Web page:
The church was reborn that night. Energy exchange had begun. Each was empowering the other. Over the next 90 minutes we thrashed out what we really wanted in a new building, and how we wanted it to look. Before we concluded the meeting, we arranged for a social evening when we would first have some fun, then lay before the entire membership the proposals that had come out of the meeting. Those proposals would be (1) the new drawings for the church on display for member inspection; (2) organizing the membership for fund-raising; (3) an appeal to members to kick-start that famished building fund by personal donations.

I had no role in these proceedings. The entire evening was under the leadership of newly appointed leaders of various departments—Social Committee, Fund-Raising Committee, and others. One member, the only one who could be described as moderately well-to-do, promised a significant donation. Over the next two years, the church building fund was growing at a rapid rate. At the end of the second year, construction began.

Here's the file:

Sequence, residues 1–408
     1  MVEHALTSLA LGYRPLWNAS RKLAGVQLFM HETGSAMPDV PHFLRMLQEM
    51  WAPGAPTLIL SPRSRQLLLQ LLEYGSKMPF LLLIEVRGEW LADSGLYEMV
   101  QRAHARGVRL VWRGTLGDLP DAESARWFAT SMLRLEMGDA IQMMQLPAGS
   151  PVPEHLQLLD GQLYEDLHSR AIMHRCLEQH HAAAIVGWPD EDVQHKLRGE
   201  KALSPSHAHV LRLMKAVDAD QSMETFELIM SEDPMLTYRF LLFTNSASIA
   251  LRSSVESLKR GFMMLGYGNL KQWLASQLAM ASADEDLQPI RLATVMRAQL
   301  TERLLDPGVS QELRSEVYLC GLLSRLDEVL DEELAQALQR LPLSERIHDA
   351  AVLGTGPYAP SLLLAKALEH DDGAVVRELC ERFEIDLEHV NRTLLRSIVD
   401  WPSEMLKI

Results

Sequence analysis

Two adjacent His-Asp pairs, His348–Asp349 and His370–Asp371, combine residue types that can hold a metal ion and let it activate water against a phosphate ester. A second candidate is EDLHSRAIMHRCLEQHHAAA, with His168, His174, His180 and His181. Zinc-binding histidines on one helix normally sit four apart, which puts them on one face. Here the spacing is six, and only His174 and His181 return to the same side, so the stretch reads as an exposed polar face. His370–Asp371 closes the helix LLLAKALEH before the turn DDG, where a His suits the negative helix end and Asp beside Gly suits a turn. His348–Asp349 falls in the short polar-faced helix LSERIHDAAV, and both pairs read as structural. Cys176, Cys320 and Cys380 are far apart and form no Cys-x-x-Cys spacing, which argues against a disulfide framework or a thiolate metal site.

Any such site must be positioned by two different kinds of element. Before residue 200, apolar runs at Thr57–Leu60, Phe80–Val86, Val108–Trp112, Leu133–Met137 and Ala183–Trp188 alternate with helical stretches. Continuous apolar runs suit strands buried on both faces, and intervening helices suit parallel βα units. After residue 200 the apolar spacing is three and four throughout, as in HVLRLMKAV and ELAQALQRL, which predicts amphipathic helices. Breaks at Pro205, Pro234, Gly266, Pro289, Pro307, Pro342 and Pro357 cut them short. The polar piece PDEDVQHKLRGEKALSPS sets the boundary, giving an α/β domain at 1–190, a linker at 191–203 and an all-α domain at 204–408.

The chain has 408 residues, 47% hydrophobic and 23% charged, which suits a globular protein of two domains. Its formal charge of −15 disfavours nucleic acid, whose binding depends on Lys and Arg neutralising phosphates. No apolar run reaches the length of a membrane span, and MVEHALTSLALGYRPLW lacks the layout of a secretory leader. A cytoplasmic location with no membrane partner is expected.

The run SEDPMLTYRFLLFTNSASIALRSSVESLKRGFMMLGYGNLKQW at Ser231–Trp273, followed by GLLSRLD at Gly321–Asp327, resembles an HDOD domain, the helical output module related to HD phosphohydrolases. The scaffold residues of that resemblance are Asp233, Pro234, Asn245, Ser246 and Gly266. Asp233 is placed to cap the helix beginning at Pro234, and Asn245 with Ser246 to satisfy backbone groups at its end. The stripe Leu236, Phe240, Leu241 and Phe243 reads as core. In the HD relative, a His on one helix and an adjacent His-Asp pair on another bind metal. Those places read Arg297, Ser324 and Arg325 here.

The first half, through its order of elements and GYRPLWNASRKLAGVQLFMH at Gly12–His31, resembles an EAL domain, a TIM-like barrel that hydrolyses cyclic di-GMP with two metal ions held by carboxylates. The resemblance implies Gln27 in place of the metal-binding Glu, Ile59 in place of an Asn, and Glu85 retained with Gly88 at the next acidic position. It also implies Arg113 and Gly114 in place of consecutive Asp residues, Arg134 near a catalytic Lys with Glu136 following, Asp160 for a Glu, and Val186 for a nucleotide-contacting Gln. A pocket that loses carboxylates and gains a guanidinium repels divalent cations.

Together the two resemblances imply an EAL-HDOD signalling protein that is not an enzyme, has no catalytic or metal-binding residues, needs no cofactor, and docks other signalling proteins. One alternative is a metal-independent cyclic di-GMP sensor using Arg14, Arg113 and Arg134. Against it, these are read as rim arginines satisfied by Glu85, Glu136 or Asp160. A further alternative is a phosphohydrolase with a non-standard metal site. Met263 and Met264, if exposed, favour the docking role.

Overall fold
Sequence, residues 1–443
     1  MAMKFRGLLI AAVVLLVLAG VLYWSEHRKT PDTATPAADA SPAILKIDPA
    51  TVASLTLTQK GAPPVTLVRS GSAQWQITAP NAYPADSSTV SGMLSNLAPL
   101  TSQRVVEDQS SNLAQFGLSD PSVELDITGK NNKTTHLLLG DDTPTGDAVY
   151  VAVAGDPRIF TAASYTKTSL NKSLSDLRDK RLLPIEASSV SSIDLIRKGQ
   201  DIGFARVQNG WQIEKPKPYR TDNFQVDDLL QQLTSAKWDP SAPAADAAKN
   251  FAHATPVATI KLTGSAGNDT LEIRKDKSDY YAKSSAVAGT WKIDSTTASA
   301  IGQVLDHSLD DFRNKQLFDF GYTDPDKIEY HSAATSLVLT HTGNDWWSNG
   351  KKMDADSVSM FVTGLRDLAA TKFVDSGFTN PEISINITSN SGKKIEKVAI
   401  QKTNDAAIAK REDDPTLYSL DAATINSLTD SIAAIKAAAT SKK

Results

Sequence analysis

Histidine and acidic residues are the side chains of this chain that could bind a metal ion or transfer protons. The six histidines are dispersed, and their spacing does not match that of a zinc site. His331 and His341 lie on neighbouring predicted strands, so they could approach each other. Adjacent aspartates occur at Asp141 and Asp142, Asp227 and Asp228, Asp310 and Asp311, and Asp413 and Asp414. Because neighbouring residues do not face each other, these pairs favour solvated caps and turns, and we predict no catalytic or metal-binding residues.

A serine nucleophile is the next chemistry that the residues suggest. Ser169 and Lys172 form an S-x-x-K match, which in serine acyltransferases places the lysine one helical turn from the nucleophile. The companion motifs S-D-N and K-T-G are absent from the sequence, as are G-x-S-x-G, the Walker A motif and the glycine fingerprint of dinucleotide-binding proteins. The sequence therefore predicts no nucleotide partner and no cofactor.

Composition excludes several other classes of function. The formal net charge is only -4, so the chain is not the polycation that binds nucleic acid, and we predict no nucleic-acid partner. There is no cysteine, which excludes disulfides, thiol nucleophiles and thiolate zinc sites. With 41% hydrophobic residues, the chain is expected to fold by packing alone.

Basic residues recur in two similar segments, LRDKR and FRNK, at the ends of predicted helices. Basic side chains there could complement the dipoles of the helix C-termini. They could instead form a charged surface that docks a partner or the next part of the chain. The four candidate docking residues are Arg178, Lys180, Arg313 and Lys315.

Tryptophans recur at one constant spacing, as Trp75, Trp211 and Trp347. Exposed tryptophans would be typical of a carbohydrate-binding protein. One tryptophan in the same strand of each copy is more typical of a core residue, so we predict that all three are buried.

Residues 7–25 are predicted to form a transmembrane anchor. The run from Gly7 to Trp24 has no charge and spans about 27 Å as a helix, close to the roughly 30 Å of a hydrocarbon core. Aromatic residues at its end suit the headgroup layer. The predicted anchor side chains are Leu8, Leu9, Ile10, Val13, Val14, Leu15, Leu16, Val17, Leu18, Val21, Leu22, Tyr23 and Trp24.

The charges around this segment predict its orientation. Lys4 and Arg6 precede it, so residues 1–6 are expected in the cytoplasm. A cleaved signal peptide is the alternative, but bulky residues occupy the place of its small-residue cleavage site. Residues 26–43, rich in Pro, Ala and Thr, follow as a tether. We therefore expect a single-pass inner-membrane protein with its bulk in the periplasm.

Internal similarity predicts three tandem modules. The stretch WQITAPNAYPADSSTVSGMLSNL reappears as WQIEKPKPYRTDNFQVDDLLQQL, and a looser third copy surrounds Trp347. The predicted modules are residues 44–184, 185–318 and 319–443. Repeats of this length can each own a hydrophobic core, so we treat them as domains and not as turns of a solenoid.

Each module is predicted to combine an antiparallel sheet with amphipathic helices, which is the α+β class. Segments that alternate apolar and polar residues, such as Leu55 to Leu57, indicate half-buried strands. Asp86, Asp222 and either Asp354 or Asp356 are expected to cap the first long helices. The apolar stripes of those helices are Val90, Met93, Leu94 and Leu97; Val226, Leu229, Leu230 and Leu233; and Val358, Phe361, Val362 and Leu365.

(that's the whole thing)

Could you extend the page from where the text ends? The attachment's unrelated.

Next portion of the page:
Energy exchange: a component of community

As a fragile component of community life, energy exchange is a sociological phenomenon, and religion can use it effectively. At that time I obviously had no neat conceptual apparatus to define what was happening, and I find it easier to describe what takes place than to explain why and how. We can talk of giving people ownership of those things that are of collective importance to them, but energy exchange has little to do with selfish motives. On the contrary, it awakens a spirit of sacrifice, of giving of oneself to a higher cause. However, as morally and qualitatively neutral, energy exchange will work for evil as effectively as for good.